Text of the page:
With its new Food Safety Law that went into effect on June 1st, 2009, China has edged closer toward an “Americanization” of its tort law system (at least in the Product Liability area). China has given a little more power to people who file lawsuits. The incremental changes in this particular law which allows greater monetary recovery; however, probably does not signal a near-term shift in China’s general attitude toward permitting recovery of higher sums in other sorts of tort law litigation.
China’s Tort Laws have been in semi-serious revision since around 2002, and have been through numerous drafts. (See 2002 draft translation; and a 2007 discussion.) One of the proposed drafts “doubles the [currently used] 1986 Code tort liability provisions from thirty-four articles to sixty-eight articles, which * * * state basic principles of tort liability.” (Conk, 937 ; 2007)
Whether or not “tort reform” in China (I.E. making it easier to sue and to recover more in damages) is necessarily a positive development or not is debatable, but it does seem that the trend in China has been to grant more power and recovery for individuals in certain circumstances.
China’s new Food Safety Law appears to demonstrate an intention to get tough on public health violations. The Food Safety Law allows harmed consumers to claim higher punitive damages. “In addition to a compensation covering the damage they have suffered, [customers may claim] damages up to ten (10) times the purchase price of the product in question from the relevant manufacturer or seller.” (DLA Piper; additionally the law imposes more severe penalties against manufacturers and sellers, permitting criminal liability, confiscation of unlawful gains and property, and fines ranging from 2,000 RMB to 5-10 times the value of the defective product.)
Class action lawsuit reform which would make it easier for class action lawsuits to form, appears to be on hold. Although a class action suit was filed in January, the suit has not yet been accepted. The first individual lawsuit against a melamine-injecter was only accepted in Hebei in March. To date, no class actions have been accepted against any actor involved in the melamine scandal. And class action lawsuits related to the Sichuan earthquake have also been rejected. (A more indepth study of class action lawsuit reform may be warranted at a later date).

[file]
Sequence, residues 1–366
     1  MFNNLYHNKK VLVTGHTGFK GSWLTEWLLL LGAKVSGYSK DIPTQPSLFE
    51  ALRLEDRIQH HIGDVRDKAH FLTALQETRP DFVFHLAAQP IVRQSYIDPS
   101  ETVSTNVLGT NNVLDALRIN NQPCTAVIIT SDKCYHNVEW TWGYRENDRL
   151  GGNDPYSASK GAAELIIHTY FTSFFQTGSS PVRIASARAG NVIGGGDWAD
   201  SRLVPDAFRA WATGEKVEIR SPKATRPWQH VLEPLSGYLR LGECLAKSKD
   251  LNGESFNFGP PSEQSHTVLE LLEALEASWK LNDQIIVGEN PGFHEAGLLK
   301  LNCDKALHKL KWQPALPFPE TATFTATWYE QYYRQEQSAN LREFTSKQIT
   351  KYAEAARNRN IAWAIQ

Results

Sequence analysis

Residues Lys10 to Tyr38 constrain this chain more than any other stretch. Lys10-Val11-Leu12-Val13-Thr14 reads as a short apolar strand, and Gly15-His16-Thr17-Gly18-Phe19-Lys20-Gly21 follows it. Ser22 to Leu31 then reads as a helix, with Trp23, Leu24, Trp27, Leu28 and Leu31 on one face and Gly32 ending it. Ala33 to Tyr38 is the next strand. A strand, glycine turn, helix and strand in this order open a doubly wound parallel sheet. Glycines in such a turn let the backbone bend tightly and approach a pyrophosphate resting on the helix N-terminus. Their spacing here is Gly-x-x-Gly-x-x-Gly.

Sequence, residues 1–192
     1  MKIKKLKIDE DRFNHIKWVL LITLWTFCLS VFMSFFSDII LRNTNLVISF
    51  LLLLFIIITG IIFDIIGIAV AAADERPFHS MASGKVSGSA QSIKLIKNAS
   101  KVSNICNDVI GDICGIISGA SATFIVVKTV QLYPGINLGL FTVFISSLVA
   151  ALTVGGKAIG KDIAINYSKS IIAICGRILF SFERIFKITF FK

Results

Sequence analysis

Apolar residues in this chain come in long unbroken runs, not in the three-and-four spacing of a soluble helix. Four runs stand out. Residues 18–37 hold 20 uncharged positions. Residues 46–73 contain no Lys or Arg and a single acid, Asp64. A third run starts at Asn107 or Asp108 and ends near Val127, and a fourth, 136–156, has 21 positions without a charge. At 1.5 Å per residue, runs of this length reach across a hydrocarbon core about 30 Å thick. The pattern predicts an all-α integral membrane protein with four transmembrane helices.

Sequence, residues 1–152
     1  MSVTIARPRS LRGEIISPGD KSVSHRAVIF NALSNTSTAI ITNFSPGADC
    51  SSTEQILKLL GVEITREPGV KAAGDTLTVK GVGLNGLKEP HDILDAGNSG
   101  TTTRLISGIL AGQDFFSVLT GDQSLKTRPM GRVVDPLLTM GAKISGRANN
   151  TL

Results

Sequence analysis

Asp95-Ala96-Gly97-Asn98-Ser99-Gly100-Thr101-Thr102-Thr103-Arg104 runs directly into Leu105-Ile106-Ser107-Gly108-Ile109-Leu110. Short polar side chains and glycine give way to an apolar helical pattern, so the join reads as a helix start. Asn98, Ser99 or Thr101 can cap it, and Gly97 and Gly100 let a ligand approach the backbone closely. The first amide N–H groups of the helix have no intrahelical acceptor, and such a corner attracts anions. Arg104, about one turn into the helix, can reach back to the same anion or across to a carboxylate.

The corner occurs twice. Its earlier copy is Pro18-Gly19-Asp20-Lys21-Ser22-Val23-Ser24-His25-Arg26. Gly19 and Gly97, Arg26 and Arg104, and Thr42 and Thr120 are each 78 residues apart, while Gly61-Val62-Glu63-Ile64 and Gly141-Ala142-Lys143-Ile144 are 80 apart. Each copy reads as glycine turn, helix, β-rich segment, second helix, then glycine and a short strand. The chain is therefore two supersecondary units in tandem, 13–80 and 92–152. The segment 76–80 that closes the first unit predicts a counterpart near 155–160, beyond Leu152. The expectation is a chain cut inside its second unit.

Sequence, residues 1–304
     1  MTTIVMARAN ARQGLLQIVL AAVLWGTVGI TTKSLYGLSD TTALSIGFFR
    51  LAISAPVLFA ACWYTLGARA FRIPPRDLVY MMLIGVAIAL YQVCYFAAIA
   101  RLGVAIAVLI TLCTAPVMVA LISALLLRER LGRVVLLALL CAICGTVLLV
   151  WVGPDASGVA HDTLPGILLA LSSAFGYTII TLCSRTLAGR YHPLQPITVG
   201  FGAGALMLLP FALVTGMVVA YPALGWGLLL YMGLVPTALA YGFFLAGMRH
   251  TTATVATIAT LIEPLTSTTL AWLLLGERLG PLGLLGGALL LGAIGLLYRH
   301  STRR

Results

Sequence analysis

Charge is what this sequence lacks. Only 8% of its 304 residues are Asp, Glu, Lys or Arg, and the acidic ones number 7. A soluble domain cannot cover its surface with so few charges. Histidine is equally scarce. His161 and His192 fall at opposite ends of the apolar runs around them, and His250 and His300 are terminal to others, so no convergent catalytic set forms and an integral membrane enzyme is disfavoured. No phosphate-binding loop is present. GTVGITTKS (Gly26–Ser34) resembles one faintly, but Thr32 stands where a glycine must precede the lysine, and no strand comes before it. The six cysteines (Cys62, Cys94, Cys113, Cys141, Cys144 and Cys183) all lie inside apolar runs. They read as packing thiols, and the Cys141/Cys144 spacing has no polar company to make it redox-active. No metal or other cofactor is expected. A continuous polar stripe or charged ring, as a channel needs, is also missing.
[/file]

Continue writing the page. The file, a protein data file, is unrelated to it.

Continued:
Punitive Damages and Government-Based Compensation
Generally, the Chinese government is adverse to mass tort claims and it tends to rely on government-directed fines or state compensation to achieve the same ends that are achieved in American class action suits (Green, 152). Fines and government-directed compensation levied against Sanlu helped cause the firm to go into bankruptcy. (Also see: China milk firms ‘to pay victims,’ BBC, Dec. 27, 2008 ; demonstrating the government-fine system). In the wake of the Sichuan earthquake, Chinese local governments preferred to settle claims and give compensation rather than go to court. And indeed, few if any earthquake-related cases, have gone through trial.
[Also see an article on Xinhua that concerns possible updating of the state compensation system].
It is interesting to see the Chinese government taking a step back from government directed and centralized compensation policies and permitting lower courts to hear individual cases (at least one), and permitting higher recoveries on punitive damages.
Over the next few months as the case(s) wind their way through courts and the courts respond to societal pressures we will be able to see if there is any pending tectonic shift in the way that China practically handles tort law product liability cases. Although the law has “liberalized” somewhat, what really matters is what goes into practice- and a verdict on that will have to wait.